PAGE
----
By Scott Carpenter
In his engagingly written and unique ebook, Scott chippie analyzes a number of manifestations of the fake in nineteenth-century France. less than Carpenter's thorough and systematic research, fraudulence emerges as a cultural preoccupation in nineteenth-century literature and society, even if it's within the type of literary mystifications, the thematic portrayal of frauds, or the privileging of falseness as a cultured precept. Focusing rather at the aesthetics of fraudulence in works through Merimee, Balzac, Baudelaire, Vidocq, Sand, and others, chippie locations those literary representations in the context of alternative cultural phenomena, akin to cartoon, political historical past, and ceremonial occasions. As he highlights the specific dating among literary fiction and fraudulence, chippie argues that falseness arises as a cultured preoccupation in post-revolutionary France, the place it introduces a blurring of limits among hitherto discrete different types. This transgression of barriers demanding situations notions of authenticity and sincerity, different types that Romantic aesthetics championed firstly of the 19th century in France. Carpenter's examine makes an immense contribution to the cultural importance of mystification in nineteenth-century France and furthers our figuring out of French literature and cultural background.
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Additional info for Aesthetics of Fraudulence in Nineteenth-Century France
In La guzla this imbrication takes place in a context of a vampirism that is not accidental. To understand why, we need look no further than the end of the chapter on vampires, where the narrator gives up in his campaign to enlighten those around him: Je quittai quelques heures après le village, donnant au diable de bon cœur les vampires, les revenants, et ceux qui en racontent des histoires. ] Given his experiences, we can readily sympathize with this sense of frustration, but the way he jumbles together vampires and those who speak of them is at the very least curious: even if he does not believe in these maleficent spirits, he numbers among those who “en racontent des histories” [“spin yarns about them”], for he has just finished doing so.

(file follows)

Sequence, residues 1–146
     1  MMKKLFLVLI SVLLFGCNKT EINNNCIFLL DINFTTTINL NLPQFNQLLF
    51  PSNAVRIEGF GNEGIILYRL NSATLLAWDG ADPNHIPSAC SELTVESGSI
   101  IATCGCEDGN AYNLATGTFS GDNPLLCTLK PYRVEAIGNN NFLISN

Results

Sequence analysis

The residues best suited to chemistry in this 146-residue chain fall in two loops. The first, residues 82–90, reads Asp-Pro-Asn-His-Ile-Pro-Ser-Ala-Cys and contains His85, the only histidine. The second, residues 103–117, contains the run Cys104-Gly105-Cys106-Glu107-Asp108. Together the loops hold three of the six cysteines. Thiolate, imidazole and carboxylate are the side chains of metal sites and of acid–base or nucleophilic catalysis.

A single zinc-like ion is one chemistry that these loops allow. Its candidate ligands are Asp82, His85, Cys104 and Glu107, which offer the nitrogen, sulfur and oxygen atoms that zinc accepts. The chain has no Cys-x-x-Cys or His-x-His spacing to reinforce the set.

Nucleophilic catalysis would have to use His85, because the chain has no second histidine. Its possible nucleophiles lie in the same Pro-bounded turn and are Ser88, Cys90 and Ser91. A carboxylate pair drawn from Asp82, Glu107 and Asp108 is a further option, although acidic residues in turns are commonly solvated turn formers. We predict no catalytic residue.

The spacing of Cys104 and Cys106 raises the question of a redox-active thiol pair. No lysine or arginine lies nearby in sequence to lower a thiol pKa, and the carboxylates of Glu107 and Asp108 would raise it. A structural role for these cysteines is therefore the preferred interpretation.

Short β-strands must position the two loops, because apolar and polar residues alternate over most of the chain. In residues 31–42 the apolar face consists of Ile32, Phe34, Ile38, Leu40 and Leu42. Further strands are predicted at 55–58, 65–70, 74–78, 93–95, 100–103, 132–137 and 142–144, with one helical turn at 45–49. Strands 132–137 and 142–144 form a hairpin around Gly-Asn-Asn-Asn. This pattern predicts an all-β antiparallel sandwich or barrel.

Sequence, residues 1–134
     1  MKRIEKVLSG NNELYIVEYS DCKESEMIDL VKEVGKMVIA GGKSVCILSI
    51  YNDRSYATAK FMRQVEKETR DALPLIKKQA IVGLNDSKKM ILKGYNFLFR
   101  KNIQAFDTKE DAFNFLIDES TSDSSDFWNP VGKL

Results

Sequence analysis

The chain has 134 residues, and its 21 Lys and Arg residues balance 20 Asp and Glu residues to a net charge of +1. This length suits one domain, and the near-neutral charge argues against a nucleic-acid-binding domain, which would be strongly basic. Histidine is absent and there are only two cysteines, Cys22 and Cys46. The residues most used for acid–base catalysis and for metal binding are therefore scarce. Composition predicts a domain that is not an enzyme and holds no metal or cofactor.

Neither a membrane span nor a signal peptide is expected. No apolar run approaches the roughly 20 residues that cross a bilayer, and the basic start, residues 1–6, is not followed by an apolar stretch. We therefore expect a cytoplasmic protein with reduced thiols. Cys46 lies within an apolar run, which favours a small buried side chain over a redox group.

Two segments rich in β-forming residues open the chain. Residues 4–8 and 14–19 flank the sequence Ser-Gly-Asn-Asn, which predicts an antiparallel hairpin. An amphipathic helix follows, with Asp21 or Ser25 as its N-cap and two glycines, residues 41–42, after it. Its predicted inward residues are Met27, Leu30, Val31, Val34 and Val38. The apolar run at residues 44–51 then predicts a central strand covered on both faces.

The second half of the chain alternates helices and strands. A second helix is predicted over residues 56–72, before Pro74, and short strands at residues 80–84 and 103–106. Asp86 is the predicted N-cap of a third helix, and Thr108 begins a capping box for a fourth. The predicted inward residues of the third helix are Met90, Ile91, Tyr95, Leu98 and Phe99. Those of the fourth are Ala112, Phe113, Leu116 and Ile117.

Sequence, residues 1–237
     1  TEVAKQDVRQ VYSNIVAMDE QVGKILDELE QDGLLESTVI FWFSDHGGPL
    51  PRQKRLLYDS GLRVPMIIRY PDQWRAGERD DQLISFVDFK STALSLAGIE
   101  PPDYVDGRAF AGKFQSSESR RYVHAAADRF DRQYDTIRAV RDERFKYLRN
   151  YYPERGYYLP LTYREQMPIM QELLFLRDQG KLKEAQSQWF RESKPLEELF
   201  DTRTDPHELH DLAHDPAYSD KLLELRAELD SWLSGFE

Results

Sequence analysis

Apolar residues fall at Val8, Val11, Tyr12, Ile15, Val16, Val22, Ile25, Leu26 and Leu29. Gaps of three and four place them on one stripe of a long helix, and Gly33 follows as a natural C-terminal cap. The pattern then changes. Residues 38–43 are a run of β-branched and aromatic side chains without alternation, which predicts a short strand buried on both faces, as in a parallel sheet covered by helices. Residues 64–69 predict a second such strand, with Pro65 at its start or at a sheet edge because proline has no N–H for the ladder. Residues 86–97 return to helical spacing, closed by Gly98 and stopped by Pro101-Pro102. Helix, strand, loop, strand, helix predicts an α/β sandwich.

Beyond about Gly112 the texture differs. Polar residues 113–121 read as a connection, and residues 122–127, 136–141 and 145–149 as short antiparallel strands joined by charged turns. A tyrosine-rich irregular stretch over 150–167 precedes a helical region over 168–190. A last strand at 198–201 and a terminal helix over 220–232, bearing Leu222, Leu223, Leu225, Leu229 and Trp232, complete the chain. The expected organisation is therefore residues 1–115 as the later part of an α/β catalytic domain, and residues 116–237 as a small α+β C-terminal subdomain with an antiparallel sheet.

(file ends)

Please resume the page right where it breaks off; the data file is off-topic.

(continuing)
From this point of view, mystifications may be read as a symptom—which is to say a kind of clue, a thread linked to a deeply concealed truth. In Mérimée, as we shall see, that truth is often monstrous, and always bloody. Textual Violence Let’s review the ground covered so far. In works such as La guzla and Le Théâtre de Clara Gazul, fraudulence is evident in the mode of textual production, as presented in the peripheral publication information of title pages and preface— replete with the old ruse of pen names and claims to authenticity.
TRN 1075; emphasis added) 30 Aesthetics of Fraudulence in Nineteenth-Century France [It became necessary for me to speak of my own travels. Count Szémioth having congratulated me on the way I handled myself on horseback, and having said that he’d never met a minister or a professor who could manage so nimbly the kind of distances we had just crossed, I felt compelled to explain that […] I had spent three and a half years in the R epublic of U ruguay, almost always on horseback, and living in pampas, amongst the Indians.
Aesthetics of Fraudulence in Nineteenth-Century France by Scott Carpenter